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13. Kes (1969)


by Jon Warner

Billy Casper lives with his elder brother Jud and his mother. They live in a small flat in a factory/mining town in Northern England. Both brothers share the same bed. Billy goes about each day to school wearing the same outfit, always looking rather worn and dirty. He cares not. When he’s not at school, Billy can be seen wandering around town on his paper route, stealing milk or meandering around the countryside with a stick, whacking away at brush and weeds or doing a bit of birdwatching, or getting into a fight with his brother. Though Billy seems to have a great deal of freedom to spend his time as he pleases, his existence has a predestined endpoint based upon where he lives and the family he has born into. In his world in Northern England, there is little hope for a future full of possibilities. He’s expected to learn little in school and indeed, nearly all of the adult figures in the film seem to have it in for Billy. Without fighting against the grain, Billy is likely to take a low paying job in the mines, just like his elder brother does or his father may have done. We would know more about his father if he hadn’t left the family. Billy lives in a world where nearly everyone expects the worst in him, or even goes so far as to antagonize him to keep him down, especially the school superintendent who seems determined to crush everyone’s spirits.

In the same way that some parents may try to steer their children to more practical choices when they hear that they want to pursue a career as a painter or English major instead of a lawyer or doctor. Billy also finds a most ‘impractical’ object of interest instead of prepping to pursue a more appropriate career in a factory or mine: Training a kestrel. After seeing some kestrels flying in a field, Billy pilfers a book on the subject of Falconry from a local bookshop. Determined to pursue this quest, he rather quickly becomes a master on the subject. Not only does Billy catch a kestrel, but he houses, feeds, and trains it with such a respect for craft and expertise that he begins to take on a sort of maturity of spirit through his relationship with the bird he calls Kes. As time marches on, Billy splits his time between school and his bird, with Kes being his clear favorite thing in the world. Billy finds a certain peace and power shifted to him through his passion, ingenuity, and initiative to train his bird, which in its own way is his act of social defiance as he refuses to conform to the expectations of mediocrity and humiliation set before him by parents, school principles (“Your’s is the generation that never listens!” ), coaches and employment agencies. (more…)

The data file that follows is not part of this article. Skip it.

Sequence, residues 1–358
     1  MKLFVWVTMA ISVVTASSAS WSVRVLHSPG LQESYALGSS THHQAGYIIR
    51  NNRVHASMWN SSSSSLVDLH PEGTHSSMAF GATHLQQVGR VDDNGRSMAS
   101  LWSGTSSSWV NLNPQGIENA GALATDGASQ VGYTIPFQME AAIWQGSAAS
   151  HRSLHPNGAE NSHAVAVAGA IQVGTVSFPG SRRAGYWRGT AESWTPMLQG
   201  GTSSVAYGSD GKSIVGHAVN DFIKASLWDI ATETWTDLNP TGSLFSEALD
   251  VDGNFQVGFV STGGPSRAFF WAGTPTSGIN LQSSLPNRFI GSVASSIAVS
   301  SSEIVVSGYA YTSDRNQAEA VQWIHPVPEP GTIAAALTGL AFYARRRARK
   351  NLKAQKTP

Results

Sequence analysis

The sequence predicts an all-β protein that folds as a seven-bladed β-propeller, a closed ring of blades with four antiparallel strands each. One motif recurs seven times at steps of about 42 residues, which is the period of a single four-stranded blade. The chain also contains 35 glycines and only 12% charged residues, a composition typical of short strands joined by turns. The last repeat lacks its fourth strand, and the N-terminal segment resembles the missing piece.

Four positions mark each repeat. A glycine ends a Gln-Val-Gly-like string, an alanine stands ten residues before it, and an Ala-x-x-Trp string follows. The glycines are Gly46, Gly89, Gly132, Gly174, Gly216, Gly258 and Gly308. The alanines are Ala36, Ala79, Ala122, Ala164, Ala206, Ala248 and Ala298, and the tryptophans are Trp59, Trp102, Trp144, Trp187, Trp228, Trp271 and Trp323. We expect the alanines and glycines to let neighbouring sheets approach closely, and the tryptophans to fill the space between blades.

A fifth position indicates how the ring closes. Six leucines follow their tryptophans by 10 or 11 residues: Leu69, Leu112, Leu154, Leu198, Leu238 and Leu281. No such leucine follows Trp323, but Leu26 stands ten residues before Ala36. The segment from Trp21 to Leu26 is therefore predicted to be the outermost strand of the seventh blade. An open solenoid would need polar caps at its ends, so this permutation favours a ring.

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by Sam Juliano

It would be hard for me to imagine a richer or more active week than the one my family and I enjoyed this past week.  We only saw a single film in theaters, but movies were only a blip on the itinerary of this most memorable of seven day periods.  Lucille and I got the once-in-a-lifetime chance to see Pope Francis, who made a whirlwind visit through Central Park late Friday afternoon during his hectic Big Apple sojourn.  We paid our penance to realize this opportunity, made possible by a friend of many years, and stayed the course with a line of people that snaked up and around the 59th Street entrance of the park.  It took a little over five (5) hours on the line before we finally made our way through the checkpoint to join the massive crowd of over 80,000 waiting to catch a fleeting glimpse of His Holiness as his Popemobile rolled down the road  that split the crowd in half.  We parked near the corner of 18th Street and Seventh Avenue, and took a subway up to Columbus Circle, arriving at our destination at around 11:00 A.M.  Our legs took a serious hit with all that standing, but the exhilaration and goosebumps we absorbed during this Pope’s electrifying arrival will be something we’ll remember for the rest of our lives.  This rock superstar of a Pope has not only moved mountains within the church, but has climbed Mount Everest for people of all faiths around the world.